Massachusetts Attorney General Martha Coakley rolled out a $1 million grant program to restore bank-owned properties leftover from the housing bust to eventually shift them back to the marketplace.

Coakley’s office is calling the initiative the Distressed Properties Indentification and Revitalization Grant (DPIR) program and says the idea is to identify foreclosures that are bringing down neighborhoods and revamp them to help cities and communities.

The program is a collaboration of state registries of deeds and the Massachusetts AG’s office.

"Communities with high rates of distressed properties are encouraged to utilize this grant to help return homes to acceptable standards and encourage owners to place them back on the market," Coakley said.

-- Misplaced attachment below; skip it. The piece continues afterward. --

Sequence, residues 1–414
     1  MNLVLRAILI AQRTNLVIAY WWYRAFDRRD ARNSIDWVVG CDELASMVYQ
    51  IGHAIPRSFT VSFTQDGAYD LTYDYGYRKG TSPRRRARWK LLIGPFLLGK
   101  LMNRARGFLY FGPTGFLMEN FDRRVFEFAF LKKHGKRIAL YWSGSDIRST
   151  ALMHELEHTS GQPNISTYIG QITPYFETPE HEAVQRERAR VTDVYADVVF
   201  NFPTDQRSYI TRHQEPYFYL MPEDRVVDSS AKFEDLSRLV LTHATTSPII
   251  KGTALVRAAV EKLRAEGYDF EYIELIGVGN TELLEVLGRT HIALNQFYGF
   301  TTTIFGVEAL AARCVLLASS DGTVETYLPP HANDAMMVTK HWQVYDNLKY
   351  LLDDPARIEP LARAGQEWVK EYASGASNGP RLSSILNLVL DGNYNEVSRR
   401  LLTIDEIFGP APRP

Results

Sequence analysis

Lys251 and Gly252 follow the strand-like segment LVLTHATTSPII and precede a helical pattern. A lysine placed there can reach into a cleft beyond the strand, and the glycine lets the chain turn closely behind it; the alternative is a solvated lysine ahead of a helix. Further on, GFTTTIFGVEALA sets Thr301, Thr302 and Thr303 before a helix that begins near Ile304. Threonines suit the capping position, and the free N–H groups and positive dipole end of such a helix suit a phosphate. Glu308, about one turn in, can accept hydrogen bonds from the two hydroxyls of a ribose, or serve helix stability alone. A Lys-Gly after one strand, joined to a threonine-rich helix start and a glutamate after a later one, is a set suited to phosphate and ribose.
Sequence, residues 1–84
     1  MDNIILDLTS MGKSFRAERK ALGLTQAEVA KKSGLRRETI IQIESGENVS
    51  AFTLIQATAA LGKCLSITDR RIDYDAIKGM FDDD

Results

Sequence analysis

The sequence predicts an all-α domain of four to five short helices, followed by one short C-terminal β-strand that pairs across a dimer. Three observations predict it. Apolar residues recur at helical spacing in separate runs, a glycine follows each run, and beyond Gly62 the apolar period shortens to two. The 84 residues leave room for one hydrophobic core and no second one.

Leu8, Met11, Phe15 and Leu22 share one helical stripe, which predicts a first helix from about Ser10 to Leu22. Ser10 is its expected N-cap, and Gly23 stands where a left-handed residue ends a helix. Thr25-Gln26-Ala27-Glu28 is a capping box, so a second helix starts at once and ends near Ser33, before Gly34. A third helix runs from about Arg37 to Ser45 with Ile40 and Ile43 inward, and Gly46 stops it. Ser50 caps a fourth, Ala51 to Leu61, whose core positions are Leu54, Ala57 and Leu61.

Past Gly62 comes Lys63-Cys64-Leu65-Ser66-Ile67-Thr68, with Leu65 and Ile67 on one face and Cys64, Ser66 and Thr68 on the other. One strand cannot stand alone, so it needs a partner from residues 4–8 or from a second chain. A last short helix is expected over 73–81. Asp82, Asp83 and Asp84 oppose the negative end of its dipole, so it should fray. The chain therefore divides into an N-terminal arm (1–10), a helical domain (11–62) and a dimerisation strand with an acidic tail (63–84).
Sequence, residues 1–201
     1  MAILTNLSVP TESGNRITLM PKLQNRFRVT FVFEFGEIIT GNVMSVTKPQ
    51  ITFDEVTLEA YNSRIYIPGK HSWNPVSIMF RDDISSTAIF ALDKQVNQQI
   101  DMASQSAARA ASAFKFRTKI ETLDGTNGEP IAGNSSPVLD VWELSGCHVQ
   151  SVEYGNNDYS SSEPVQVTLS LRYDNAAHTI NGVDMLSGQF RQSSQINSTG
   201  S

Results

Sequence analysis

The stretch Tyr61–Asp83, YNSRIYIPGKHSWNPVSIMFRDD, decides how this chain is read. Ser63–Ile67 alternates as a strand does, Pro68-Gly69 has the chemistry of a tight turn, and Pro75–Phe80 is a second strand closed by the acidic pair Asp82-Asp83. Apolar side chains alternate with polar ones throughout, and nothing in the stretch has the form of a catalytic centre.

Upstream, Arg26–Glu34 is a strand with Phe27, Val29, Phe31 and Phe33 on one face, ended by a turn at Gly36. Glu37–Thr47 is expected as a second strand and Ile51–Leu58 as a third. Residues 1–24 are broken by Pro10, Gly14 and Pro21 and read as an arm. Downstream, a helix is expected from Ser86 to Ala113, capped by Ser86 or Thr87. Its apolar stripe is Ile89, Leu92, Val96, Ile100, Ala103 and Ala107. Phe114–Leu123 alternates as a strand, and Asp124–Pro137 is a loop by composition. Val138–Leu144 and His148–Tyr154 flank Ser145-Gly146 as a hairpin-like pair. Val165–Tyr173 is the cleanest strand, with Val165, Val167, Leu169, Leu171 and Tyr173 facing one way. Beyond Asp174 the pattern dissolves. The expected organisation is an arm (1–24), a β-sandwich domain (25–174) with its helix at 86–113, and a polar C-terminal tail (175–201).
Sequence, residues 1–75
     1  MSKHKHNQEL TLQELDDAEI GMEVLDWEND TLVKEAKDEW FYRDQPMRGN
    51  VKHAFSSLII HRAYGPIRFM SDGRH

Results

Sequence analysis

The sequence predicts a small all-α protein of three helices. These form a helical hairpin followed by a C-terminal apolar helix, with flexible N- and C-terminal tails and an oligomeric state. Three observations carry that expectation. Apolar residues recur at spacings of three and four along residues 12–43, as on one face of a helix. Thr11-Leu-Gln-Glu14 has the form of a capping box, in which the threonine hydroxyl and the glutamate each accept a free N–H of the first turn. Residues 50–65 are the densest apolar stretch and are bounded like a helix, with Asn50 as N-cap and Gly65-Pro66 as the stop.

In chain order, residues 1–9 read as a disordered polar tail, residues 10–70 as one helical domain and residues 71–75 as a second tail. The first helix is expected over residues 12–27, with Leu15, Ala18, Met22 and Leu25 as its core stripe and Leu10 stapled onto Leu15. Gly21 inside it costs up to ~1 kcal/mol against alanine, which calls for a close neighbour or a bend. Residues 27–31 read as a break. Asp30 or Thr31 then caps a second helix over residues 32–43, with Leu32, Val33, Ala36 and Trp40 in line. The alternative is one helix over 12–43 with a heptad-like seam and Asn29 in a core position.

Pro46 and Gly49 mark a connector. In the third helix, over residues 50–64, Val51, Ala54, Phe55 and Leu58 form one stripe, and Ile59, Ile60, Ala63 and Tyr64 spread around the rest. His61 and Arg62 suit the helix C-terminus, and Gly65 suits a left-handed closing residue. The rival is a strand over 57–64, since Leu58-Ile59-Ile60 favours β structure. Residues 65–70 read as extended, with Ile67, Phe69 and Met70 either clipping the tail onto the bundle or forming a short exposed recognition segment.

"Our extensive grant opportunities are designed to mitigate the impacts of the foreclosure crisis throughout the Commonwealth, and it’s our goal to provide this direct relief to municipalities in need."

The program is offering DPIR grants up to $1 million. It is funded by foreclosure settlement funds from the national mortgage servicing settlement.

Applicants rewarded funding will work with a register of deeds and municipal authorities to identify distressed homes and develop strategies for their rehabilitation and eventual use.

To qualify, a municipality must have high rates of distressed properties.